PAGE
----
The School has gathered 23 students, mainly from Australia and New Zealand, and an impressive panel of experts. Phil Burrows of Oxford University is the keynote lecturer and will provide a step-by-step guide on the physics and maths underpinning particle accelerators. Ralph Steinhagen of CERN is armed with over 700 slides on the technical aspects of accelerator operation. Toshi Mitsuhashi of KEK, aka the “Master”, will share his vast experience on the optics of accelerators, while Jeff Corbett of SLAC will lead laboratory exercises. And not forgetting Roger Rassool of Melbourne University, who will be present to add his irrepressible energy and enthusiasm to proceedings.
Mornings are to be spent in lectures and afternoons in the lab. In labs we will have the chance to develop practical skills, such as soldering, using oscilloscopes, programming Arduino chips, and modelling electronic circuits and particle accelerators. There are also various international conferences running through the fortnight, some sessions of which we will be attending. The programme will conclude with a group project, to be presented to the experts on the final day of the school. And there’s the odd social event to attend too.
In true Aussie fashion we are welcomed with a barbecue – although we all feel feel more cooked than sausages after a few minutes outdoors. And we’ll be kept sweating over the next 12 days…
Stay tuned for wine + DIY particle physics…
I previously blogged about how CERN is embracing the power of citizen science to assist with it’s research (see here). LHC@home also allows non-scientists to get involved with particle physics at CERN. To learn a bit more about citizen science, I recently attended the third Citizen Cyberscience Summit in London, and was asked by online publication ‘International Science Grid This Week’ to write an article on the event. The article was published here on 12 March 2014, and I replicate it below.
February saw London host the Third Citizen Cyberscience Summit, a three-day event dedicated to the expanding field of citizen science. More than 300 delegates from around the world assembled to network, share ideas, and get creative. The event provided fascinating insight into how computers, mobile phones, and other devices are helping to mobilize the citizen science community. Attendees were left with the distinct impression that citizen science is no passing fad but a movement on the forefront of a fundamental shift in how we approach science and education.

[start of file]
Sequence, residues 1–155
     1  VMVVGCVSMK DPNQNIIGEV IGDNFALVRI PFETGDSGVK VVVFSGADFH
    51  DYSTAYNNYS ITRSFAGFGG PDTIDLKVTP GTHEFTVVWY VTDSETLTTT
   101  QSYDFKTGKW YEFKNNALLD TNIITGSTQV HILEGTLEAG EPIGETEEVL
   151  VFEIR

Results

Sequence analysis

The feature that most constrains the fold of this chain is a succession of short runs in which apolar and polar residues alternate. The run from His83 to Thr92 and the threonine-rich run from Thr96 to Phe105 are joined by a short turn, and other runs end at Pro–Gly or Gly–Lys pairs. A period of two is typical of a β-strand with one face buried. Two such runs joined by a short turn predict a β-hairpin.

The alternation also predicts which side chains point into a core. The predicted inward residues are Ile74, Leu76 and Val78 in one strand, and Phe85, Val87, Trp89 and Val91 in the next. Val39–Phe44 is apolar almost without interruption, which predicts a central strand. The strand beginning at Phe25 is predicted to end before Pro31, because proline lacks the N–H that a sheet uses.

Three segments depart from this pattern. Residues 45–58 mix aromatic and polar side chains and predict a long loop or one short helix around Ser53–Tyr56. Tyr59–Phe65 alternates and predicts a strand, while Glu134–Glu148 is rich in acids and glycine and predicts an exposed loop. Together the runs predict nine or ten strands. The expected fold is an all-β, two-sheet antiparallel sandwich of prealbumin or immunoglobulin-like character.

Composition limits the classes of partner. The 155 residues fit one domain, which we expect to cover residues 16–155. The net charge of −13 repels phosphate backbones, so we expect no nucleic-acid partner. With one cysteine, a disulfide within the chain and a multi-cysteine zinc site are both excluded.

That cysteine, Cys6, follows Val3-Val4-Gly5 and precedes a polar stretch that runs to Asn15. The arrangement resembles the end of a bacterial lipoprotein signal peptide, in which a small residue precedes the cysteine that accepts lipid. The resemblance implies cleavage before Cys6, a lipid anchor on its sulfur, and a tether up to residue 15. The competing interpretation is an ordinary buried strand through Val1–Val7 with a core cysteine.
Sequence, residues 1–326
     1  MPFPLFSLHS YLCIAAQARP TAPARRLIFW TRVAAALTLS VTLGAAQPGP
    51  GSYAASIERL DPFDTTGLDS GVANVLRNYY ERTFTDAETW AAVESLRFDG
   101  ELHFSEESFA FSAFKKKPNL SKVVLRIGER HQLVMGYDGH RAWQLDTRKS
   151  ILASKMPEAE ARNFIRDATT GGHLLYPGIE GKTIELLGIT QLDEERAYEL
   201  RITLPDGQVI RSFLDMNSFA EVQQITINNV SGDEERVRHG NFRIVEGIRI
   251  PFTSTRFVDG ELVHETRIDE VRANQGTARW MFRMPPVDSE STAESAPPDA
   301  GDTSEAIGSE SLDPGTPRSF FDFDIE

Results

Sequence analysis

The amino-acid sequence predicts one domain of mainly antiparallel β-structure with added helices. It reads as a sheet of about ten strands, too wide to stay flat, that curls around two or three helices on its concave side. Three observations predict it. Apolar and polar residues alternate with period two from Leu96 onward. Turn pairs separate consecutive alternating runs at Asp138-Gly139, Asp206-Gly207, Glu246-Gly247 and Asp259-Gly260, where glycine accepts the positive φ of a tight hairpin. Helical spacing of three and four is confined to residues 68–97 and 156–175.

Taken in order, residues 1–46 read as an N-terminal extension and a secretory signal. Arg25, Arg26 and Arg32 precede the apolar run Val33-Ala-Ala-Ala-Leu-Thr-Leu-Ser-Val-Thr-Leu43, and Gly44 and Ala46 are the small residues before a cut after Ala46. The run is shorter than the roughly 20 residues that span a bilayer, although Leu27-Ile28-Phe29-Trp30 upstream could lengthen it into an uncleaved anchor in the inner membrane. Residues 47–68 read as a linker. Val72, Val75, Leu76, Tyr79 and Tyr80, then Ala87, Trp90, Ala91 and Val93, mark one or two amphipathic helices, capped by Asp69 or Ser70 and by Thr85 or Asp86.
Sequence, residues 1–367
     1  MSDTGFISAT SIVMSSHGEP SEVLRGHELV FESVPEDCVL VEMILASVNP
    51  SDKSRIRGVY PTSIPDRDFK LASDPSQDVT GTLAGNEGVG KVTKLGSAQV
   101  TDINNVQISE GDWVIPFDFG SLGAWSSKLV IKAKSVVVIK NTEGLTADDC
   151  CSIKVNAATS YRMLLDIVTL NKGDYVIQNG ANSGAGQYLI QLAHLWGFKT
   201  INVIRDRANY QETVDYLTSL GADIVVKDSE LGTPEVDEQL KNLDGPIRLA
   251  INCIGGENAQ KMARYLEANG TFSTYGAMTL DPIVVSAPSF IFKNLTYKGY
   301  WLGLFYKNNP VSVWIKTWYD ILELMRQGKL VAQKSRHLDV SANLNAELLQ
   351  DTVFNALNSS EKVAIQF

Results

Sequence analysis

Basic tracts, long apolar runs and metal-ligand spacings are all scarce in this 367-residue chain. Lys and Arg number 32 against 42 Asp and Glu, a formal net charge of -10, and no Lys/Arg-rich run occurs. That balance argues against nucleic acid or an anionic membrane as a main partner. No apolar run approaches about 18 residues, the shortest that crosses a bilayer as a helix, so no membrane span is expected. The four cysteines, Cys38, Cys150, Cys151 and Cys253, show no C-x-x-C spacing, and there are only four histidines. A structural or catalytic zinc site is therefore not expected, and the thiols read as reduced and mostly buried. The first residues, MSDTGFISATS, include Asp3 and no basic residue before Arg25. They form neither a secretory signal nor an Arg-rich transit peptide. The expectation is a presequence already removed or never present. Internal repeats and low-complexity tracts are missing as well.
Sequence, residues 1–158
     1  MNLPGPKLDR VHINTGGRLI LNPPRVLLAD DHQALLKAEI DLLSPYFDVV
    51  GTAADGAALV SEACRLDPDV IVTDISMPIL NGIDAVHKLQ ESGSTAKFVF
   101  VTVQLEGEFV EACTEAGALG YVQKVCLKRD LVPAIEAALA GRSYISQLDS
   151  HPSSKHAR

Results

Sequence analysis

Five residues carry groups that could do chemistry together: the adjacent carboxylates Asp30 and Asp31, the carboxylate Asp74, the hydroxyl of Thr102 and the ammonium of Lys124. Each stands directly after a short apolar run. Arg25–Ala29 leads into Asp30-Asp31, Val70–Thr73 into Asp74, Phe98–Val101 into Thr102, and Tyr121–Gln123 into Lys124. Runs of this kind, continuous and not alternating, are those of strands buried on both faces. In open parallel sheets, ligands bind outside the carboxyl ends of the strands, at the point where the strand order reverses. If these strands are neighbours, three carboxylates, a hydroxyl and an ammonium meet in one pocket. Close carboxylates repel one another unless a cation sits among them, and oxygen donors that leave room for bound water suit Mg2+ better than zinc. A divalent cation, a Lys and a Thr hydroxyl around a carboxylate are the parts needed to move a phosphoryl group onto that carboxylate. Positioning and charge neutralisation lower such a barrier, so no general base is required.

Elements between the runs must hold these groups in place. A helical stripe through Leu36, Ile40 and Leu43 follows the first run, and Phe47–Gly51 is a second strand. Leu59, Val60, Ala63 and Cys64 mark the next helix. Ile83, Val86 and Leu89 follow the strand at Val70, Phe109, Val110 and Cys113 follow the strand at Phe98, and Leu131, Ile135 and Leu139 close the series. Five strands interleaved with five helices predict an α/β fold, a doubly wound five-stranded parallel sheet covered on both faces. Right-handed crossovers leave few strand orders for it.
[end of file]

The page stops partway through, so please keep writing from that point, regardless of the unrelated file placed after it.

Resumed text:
For the uninitiated, citizen science is scientific research conducted in whole or part by amateur or non-professional scientists. There is a spectrum of different kinds of citizen science from ‘crowdsourcing’, in which citizens analyze data, to ‘extreme citizen science’, where scientists collaborate with citizens in problem definition, data collection and analysis.
Citizen science stars
On day one of the summit, keynote speeches from the heavyweights of citizen science left delegates with no doubt that citizen science is a big deal. The crown jewel of citizen science remains the Zooniverse, a top-down crowdsourcing platform where citizens analyze large sets of data, such as pictures of galaxies that need to be classified as elliptical or spiral. The Zooniverse has reached the significant milestone of one million contributors and plans to use human input to program computers for data analysis.
Other leaders in the field include Eyewire, an addictive game in which participants help scientists map neural connections in the brain. Erinma Ochu delivered a heart-warming account of her sunflower project, in which participants grow and help to analyze sunflowers, and Daniel Lombraña González reported on how CrowdCrafting has helped interest groups in the US monitor fracking activities.